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A Learning Lesson in Classroom Design

Improving educational outcome in the post-secondary world is a universal goal for educational institutions. How to go about doing so remains the focus of significant research and debate. An often overlooked factor, is the effect classroom design can play in optimizing student learning and engagement. In fact, several noteworthy studies have confirmed that thoughtfully and intentionally designed post-secondary spaces can affect retention, attention, motivation, learning and academic achievement. Here are three simple classroom design tips that promote and enhance active learning.

 

1. Integrate flexibility – modular furniture, technological devices and whiteboards will make room for collaborative project engagement and brainstorming sessions.

 

2. Abandon the ‘front of the room’ – utilize the middle part of the classroom as the primary “teaching corridor,” and leave the wings as study areas for students that can also be walled off with movable screens. This approach will encourage active involvement and shared communication.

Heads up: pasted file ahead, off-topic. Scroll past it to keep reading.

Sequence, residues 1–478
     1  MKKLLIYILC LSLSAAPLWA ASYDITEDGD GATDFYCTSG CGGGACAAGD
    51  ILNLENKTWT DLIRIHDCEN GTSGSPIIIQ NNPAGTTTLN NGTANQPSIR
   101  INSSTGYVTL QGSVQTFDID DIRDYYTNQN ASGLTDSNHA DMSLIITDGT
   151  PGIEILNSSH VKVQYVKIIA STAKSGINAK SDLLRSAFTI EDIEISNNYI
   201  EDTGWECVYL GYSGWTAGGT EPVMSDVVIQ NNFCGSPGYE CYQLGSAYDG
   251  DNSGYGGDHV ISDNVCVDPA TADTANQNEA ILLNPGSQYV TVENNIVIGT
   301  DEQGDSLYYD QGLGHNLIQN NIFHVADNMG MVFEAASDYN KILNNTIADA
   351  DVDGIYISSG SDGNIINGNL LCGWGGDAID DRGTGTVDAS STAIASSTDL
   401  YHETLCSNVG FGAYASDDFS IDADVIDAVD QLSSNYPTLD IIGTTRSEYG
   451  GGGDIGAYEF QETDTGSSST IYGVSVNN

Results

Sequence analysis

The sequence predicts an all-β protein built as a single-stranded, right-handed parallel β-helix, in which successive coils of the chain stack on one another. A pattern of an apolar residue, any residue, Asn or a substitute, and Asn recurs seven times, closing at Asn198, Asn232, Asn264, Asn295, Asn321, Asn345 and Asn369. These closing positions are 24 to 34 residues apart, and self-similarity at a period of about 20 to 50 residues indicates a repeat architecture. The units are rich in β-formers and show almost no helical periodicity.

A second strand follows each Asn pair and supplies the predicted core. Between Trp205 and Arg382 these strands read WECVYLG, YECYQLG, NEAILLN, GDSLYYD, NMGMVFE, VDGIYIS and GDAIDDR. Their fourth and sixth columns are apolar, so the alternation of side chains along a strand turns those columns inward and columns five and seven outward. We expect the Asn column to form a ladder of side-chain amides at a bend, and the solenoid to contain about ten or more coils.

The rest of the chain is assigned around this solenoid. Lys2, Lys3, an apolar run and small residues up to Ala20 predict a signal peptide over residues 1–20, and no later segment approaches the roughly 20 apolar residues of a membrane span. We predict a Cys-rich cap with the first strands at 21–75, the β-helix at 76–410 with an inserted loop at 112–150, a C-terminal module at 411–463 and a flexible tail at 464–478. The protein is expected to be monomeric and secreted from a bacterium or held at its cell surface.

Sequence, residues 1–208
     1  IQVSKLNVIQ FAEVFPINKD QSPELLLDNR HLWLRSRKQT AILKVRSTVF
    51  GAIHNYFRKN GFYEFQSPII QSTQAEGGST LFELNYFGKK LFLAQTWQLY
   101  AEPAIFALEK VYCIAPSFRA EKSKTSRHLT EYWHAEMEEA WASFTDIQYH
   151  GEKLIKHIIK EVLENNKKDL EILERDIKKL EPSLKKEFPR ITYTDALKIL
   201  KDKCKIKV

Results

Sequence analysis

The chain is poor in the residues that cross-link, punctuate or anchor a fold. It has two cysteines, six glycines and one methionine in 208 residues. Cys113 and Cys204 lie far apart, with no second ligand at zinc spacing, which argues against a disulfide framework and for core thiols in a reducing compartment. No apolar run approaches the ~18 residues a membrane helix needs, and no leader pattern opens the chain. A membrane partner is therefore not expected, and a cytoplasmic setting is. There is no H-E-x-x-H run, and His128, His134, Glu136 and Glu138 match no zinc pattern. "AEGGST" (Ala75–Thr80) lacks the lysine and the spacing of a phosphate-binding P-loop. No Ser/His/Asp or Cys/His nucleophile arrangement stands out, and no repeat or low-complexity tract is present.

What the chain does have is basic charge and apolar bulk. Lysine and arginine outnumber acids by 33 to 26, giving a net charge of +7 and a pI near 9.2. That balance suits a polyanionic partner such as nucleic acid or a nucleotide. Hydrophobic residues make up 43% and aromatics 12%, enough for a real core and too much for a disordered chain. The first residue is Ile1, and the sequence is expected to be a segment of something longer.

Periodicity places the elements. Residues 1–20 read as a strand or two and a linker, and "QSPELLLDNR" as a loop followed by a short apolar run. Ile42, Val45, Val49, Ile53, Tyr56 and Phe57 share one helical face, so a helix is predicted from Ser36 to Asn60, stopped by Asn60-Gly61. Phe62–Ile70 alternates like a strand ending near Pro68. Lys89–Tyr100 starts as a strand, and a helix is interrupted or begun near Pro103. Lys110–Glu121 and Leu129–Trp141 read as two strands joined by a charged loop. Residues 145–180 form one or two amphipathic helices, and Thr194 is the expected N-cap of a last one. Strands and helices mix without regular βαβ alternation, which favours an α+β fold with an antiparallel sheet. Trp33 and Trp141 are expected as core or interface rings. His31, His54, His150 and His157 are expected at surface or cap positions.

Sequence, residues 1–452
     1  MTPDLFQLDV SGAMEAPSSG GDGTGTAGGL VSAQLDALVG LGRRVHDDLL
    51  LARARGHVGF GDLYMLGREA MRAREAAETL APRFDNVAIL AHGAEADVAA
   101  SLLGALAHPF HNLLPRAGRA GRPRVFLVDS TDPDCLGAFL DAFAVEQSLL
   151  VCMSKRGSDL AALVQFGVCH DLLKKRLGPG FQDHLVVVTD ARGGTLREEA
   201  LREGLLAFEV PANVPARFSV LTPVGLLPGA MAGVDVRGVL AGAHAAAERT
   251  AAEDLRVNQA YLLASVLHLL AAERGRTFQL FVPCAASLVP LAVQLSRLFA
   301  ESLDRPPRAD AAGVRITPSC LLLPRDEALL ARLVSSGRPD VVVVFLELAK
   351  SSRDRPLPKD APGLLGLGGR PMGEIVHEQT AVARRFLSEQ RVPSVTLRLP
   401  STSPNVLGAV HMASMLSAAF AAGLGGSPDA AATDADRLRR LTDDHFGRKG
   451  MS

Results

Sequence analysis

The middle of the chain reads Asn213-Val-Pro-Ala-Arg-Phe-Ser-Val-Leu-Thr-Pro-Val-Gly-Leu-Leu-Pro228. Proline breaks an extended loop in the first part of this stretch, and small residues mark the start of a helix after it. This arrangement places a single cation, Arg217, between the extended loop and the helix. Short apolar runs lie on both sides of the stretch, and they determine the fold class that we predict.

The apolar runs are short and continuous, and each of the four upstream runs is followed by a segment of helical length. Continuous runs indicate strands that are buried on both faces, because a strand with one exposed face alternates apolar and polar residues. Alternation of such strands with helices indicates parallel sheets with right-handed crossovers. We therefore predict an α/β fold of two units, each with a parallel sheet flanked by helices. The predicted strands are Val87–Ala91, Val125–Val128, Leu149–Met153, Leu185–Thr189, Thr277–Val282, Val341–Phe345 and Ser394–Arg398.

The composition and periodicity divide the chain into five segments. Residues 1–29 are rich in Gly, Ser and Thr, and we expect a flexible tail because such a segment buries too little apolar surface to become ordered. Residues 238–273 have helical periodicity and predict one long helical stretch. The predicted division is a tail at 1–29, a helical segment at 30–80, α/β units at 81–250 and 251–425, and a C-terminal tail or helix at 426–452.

3. Let the light in – Natural light in the classroom can improve performance. One study of 2,000 classrooms found those with more natural daylight performed higher on than those who had less. While installing new windows across campus could be a costly endeavor, swapping up spaces with windows that weren’t originally used for learning purposes (office spaces or lecture halls for example) could be a viable solution.

 

Generation Z will be the next wave of post-secondary students. In a constantly shifting technological and educational landscape, it’s crucial to design and integrate active learning spaces that inspire the innovators of tomorrow.

 

ANU - Meeni